Twitter at the time had built out an expanded abuse detection system aimed in part toward flagging malicious activity related to the Islamic State and other terror organizations operating in the Middle East. As an indirect consequence of these efforts, one former Twitter employee explained to The Intercept, accounts controlled by the military that were frequently engaging with extremist groups were being automatically flagged as spam. The former employee, who was involved with the whitelisting of CENTCOM accounts, spoke with The Intercept under condition of anonymity because they were not authorized to speak publicly.
In his email, Kahler sent a spreadsheet with 52 accounts. He asked for priority service for six of the accounts, including @yemencurrent, an account used to broadcast announcements about U.S. drone strikes in Yemen. Around the same time, @yemencurrent, which has since been deleted, had emphasized that U.S. drone strikes were “accurate” and killed terrorists, not civilians, and promoted the U.S. and Saudi-backed assault on Houthi rebels in that country.
Other accounts on the list were focused on promoting U.S.-supported militias in Syria and anti-Iran messages in Iraq. One account discussed legal issues in Kuwait. Though many accounts remained focused on one topic area, others moved from topic to topic. For instance, @dala2el, one of the CENTCOM accounts, shifted from messaging around drone strikes in Yemen in 2017 to Syrian government-focused communications this year.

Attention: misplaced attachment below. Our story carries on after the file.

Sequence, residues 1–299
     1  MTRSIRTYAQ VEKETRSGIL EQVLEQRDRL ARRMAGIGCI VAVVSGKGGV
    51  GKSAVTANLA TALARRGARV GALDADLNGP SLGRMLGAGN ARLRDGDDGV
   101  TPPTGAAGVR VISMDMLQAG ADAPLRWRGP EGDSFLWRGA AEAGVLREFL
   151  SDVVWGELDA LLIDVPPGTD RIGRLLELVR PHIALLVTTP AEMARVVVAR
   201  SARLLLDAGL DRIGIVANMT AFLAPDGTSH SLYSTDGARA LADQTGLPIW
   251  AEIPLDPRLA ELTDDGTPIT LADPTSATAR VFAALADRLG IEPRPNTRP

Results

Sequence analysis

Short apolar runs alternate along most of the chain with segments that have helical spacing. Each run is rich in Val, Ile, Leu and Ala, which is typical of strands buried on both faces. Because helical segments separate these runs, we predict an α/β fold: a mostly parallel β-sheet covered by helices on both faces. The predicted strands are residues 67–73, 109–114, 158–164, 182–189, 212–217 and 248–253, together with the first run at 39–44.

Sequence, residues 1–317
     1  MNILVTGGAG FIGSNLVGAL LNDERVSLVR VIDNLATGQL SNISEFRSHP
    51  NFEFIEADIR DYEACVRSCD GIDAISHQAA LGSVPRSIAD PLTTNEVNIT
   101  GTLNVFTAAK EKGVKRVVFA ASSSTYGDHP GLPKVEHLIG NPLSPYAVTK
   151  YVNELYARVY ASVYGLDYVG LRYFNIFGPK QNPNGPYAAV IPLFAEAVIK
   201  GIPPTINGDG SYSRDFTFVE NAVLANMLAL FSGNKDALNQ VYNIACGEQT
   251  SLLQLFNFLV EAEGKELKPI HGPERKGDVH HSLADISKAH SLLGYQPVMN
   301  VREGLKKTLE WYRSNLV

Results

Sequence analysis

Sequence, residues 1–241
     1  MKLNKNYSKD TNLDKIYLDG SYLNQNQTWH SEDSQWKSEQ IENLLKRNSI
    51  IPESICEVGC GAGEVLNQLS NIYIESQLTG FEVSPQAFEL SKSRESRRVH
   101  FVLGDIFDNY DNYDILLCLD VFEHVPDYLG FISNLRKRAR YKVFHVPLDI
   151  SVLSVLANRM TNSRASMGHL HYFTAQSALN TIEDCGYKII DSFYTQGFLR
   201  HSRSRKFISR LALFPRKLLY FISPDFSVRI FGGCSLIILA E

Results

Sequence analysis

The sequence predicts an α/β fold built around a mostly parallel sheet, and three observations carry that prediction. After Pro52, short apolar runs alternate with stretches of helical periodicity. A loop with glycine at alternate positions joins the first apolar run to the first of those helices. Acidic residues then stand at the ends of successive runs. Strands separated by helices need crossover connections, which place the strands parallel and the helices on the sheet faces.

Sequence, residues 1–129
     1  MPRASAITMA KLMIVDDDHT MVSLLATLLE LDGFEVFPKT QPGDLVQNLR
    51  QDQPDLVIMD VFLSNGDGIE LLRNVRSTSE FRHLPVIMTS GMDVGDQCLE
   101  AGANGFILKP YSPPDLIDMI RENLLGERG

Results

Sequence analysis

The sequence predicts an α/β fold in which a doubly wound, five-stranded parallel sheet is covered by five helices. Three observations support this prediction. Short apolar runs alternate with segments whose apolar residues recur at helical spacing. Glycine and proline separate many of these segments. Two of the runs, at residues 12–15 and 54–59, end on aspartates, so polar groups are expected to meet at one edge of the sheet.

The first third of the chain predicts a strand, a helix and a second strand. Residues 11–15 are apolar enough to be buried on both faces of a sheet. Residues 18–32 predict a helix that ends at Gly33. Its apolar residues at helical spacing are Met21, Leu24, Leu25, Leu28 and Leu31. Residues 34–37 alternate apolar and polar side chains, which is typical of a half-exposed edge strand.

On the same day that CENTCOM sent its request, members of Twitter’s site integrity team went into an internal company system used for managing the reach of various users and applied a special exemption tag to the accounts, internal logs show.
One engineer, who asked not to be named because he was not authorized to speak to the media, said that he had never seen this type of tag before, but upon close inspection, said that the effect of the “whitelist” tag essentially gave the accounts the privileges of Twitter verification without a visible blue check. Twitter verification would have bestowed a number of advantages, such as invulnerability to algorithmic bots that flag accounts for spam or abuse, as well as other strikes that lead to decreased visibility or suspension.
Twitter is a "private company" who doesn't have to respect the First Amendment but they're working with the Pentagon and getting paid by the FBI while they amplify their covert influence operations and suppress news stories that could hurt Joe Biden.
46. The FBI’s influence campaign may have been helped by the fact that it was paying Twitter millions of dollars for its staff time.— Michael Shellenberger (@ShellenbergerMD) December 19, 2022
“I am happy to report we have collected $3,415,323 since October 2019!” reports an associate of Jim Baker in early 2021. pic.twitter.com/SmNse97QxK
[Header image by Touch of Light via Wikicommons, CC BY-SA 4.0]